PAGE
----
An innocent bystander was killed in a late May SFPD car chase crash, and a child was nearly struck by an SFPD SUV in last week’s Lucca Ravioli crash, so the SF Police Commission thinks it’s high time to review the department’s pursuit policy.

Last month, 58-year-old Victor Nguyen was struck and killed by a pickup truck, and three innocent bystanders were also injured, when an SFPD car chase of a carjacking suspect ended in a violent crash into a bus stop at 16th Street and Potrero Avenue. Then last week when an SFPD SUV crashed into the former Lucca Ravioli space on Valencia Street and injured two people, the vehicle nearly struck a child.

We learn this in a Mission Local report that these two crashes are prompting the SF Police Commission to review the department’s vehicle pursuit policy. Or at least, two commissioners Mission Local spoke to say they want to discuss reviewing the policy.  

“Given these last two tragic incidents we should look at whether it’s time to update our policy,” commission vice president Max Carter-Oberstone told that outlet. Commissioner Kevin Benedicto also said he would ask to place a policy review on an upcoming agenda.

In the Potrero Hill crash that killed the 58-year-old man, the car that struck and killed him was not a police vehicle. The driver of that vehicle has since been identified as 57-year-old SF resident Carlo Watson, and he was driving a city-owned SFMTA pickup truck he’d allegedly carjacked. According to KPIX, police gave chase starting at Kansas and 25th Streets in Potrero Hill. The pursuit continued to 16th and Potrero Streets, where Watson’s vehicle collided with an SUV, then both plowed into a 22-Fillmore stop.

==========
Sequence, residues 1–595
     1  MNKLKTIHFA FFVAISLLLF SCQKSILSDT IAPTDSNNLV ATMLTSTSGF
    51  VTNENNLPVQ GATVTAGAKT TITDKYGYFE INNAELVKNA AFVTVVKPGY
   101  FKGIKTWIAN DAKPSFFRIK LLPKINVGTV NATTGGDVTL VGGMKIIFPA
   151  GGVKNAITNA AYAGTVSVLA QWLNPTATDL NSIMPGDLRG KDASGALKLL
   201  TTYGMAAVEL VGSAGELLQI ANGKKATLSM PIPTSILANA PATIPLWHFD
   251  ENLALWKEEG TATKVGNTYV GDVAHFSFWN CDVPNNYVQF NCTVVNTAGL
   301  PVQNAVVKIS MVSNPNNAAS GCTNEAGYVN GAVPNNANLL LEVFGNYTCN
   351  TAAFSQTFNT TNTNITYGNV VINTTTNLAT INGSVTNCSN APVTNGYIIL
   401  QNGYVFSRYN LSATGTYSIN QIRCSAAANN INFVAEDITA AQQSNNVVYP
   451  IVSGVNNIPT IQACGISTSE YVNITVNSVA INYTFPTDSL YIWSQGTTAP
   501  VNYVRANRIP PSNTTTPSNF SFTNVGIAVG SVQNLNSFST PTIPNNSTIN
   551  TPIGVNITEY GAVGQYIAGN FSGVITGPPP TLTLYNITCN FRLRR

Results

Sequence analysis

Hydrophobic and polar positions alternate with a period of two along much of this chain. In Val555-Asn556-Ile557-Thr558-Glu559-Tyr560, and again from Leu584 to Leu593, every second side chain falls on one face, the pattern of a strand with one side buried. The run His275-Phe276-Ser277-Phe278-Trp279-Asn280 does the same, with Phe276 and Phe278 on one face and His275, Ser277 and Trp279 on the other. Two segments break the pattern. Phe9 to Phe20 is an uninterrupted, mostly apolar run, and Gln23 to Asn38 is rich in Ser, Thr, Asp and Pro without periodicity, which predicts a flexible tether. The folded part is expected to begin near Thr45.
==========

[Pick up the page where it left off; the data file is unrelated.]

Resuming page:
The force of that crash then sent the pickup truck into an O'Reilly Auto Parts storefront, and (ugh) carried the four bystanders at the bus stop with it. It almost feels miraculous that only one victim was killed.

On June 2, per Mission Local, Assistant SF Police Chief David Lazar sent a department-wide email temporarily banning the use of spike strips in vehicle pursuit situations. It’s not clear whether that was related to this incident, or whether spike strips were even used in this particular chase.

In last week’s Lucca Ravioli crash, a police SUV ran a red light while pursuing a speeding suspect and then plowed into the storefront. The vehicle did not strike the child, but the child was still injured and hospitalized along with an adult victim. So not only do you have two unnecessary injuries there, but the suspect completely got away.

None of the commissioners have indicated what sort of changes, if any, might be made to the SFPD vehicle pursuit policy. Mission Local spoke with a former SFPD sergeant Carl Tennenbaum, who admitted, “There’s nothing more exciting than getting into a car chase; it’s almost like a video game come to life.”

But, Tennenbaum also added, “I’m personally not a believer in police pursuits at all.”

Related: During Police Chase, SFPD Vehicle Crashes Through Storefront of Former Lucca Ravioli in Mission, Injuring Two [SFist]

Image: BrokenSphere via Wikimedia Commons